Know Your Farm: Blue Moon Farm
Q & A with Farm Manager, Lorien Carsey
What does your farm name mean to you? How did you choose this name?
My name is Lorien Carsey and I am the farm manager of Blue Moon Farm, and I am in charge of all aspects of winter production so, I am going to answer these questions from my winter perspective......burrrrrr. Jon Cherniss is the farm owner along with his wife Michelle Wander. As the farm manager, I stepped into the name Blue Moon many years ago, and loved the way it made me think of the landscape out here in the flat, big-sky world of rural, Central Illinois. Especially when snow-covered, the expanse of wide, sheet-like terrain sends your perception upward to the drama going on between the sun, moon and clouds. The farm has been an incredible blue the past few nights, covered in snow, under the moon. Jon and Michelle chose the name Blue Moon Farm when farming in Georgia, and you'll have to ask them for the specifics!
Where is your farm located? How many miles do you travel to reach Common Ground?
We are about ten miles outside of C-U, heading mostly North.
What do you grow? What is your signature product?
We raise lots of vegetables, and fruits that most people think of as vegetables, and leaves. We like diversity, so sometimes it's easier to name the veggies we don't grow, namely celery and artichokes. People often associate our farm with our salad mix, a robust collection of stand-up lettuce varieties and boldly flavored mustard greens. We also grow a wide variety of tomatoes, both heirloom and hybrid, that are harvested at their peak of ripeness and can cure any winter blues, if you have some frozen or canned, ready to throw on a pizza when it's fourteen below zero. We are trying to get everyone to try our winter spinach, because its flavor profile is amazing, thanks to its long growing season (seeded in the heat of September but not harvested until snow is on the ground), but just getting it out of the ground and washed and driven to Common Ground is sometimes impossible thanks to this weather. Another signature product is our carrots. We have been really lucky with carrot-growing conditions, and our July-seeded, fall-harvested carrots have incredible crunch and sweetness.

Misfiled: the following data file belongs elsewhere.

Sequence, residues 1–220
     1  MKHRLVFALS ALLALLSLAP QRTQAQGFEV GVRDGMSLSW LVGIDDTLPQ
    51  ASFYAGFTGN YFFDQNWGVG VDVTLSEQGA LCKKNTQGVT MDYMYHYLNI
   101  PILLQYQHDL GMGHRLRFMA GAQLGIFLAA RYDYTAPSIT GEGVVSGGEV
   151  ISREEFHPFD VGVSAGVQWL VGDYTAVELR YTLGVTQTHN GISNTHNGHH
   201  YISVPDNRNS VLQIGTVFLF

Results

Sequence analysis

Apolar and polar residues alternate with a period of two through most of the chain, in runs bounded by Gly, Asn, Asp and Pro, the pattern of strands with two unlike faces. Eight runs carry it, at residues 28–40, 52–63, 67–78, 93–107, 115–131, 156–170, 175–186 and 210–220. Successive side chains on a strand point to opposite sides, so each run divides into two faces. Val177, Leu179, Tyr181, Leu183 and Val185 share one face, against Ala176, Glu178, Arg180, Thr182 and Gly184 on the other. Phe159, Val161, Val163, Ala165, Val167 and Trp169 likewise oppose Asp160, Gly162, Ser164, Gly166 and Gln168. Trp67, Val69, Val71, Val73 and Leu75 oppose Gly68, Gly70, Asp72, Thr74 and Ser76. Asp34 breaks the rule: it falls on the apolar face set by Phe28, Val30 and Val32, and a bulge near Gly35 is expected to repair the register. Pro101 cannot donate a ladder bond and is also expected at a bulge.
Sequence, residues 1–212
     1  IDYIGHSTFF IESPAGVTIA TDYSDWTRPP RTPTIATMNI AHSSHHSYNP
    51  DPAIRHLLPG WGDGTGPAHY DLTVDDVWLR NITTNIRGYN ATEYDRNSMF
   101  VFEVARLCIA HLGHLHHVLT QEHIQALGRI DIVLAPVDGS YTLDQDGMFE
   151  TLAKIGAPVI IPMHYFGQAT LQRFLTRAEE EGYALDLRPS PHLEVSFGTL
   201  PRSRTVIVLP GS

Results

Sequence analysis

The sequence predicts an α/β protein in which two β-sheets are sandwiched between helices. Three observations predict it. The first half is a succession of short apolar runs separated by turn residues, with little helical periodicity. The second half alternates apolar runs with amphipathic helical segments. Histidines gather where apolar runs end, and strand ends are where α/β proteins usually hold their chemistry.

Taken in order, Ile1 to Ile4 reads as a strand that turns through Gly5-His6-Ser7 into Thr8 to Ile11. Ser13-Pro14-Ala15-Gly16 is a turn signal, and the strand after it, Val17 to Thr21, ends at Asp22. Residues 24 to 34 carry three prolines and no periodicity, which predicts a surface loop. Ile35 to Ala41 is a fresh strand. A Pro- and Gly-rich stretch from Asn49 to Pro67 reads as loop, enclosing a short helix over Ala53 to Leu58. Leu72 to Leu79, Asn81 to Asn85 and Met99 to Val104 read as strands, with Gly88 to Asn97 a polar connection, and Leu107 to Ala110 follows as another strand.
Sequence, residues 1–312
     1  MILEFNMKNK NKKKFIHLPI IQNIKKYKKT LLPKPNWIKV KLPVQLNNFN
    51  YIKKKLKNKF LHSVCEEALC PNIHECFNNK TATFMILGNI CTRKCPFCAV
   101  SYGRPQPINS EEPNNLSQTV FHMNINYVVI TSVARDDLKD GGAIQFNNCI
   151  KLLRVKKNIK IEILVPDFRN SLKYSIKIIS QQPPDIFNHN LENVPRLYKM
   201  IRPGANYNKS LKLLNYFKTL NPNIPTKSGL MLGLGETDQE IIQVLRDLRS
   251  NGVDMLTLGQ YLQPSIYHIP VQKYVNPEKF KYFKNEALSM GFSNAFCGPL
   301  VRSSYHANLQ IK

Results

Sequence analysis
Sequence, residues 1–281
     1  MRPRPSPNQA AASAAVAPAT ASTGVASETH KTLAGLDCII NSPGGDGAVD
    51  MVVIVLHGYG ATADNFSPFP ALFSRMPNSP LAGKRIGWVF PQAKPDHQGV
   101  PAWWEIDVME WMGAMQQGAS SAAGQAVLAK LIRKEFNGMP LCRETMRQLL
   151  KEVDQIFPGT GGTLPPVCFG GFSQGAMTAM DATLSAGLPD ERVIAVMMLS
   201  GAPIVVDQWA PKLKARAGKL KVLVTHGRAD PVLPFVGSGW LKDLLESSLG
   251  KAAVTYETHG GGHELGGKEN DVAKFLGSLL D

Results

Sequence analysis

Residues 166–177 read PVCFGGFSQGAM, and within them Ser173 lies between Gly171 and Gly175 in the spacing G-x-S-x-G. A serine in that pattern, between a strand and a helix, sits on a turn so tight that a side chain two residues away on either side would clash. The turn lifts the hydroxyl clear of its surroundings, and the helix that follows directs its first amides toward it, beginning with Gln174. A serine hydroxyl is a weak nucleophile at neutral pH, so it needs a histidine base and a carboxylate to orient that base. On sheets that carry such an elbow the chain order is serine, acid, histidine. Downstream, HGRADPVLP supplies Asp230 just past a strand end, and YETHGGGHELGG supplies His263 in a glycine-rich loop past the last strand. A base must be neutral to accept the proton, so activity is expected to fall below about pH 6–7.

For how long have you been farming?
Blue Moon has been in operation in Urbana since 1995.
Do you use organic farming practices?
Blue Moon Farm is USDA Certified Organic and we are committed to the collective project of implementing farming practices that promote the health and well-being of the land we grow on and the people who eat our food. This involves not only observing the guidelines of organic certification, such as avoiding harmful pesticides and practicing crop rotation, but also thinking about long-term sustainability. Organic certification is important because it can help develop some basic agreements among farmers about beneficial practices. At the same time, we are working through trial and error, research and experimentation to figure out how to grow food sustainably given our specific set of environmental conditions in our little microcosm.
What do you enjoy most about farming?
I enjoy the diversity of tasks I engage in. My day involves using many different parts of my brain and body, interacting with people, weather, plants, animals, always trying to manage the chaos of production enough to step back and think about big picture questions. I get a lot of pleasure from working the land and a lot of satisfaction from eating what we grow.
What do you find most challenging about making your products/farming?
The weather. Farmers are really not in control of their time, especially at a place like Blue Moon where, for four seasons, we are planting every week, watering and harvesting every day and weeding whenever, which involves a tricky timing of bed preparation, irrigation and people management. Factor in windy conditions, unpredictable storms and the lack of soil drainage and complain, complain, complain.
What is your philosophy/perspective on local farming and agriculture?
Locally grown food has a lot of benefits. The consumer gets to buy produce that was harvested when it should be: when it is going to taste good. The short distance from field to fork means the farmer gets to choose varieties that don’t have to ship well either, thereby paying attention to taste. Buying locally leads to more accountability between the farmer and the eater and that relationship is important to us.
Is there anything else you'd like Common Ground's customers to know about your farm?
We couldn’t do any of this without you and the more you like to eat, well the more we get to eat too. Many thanks!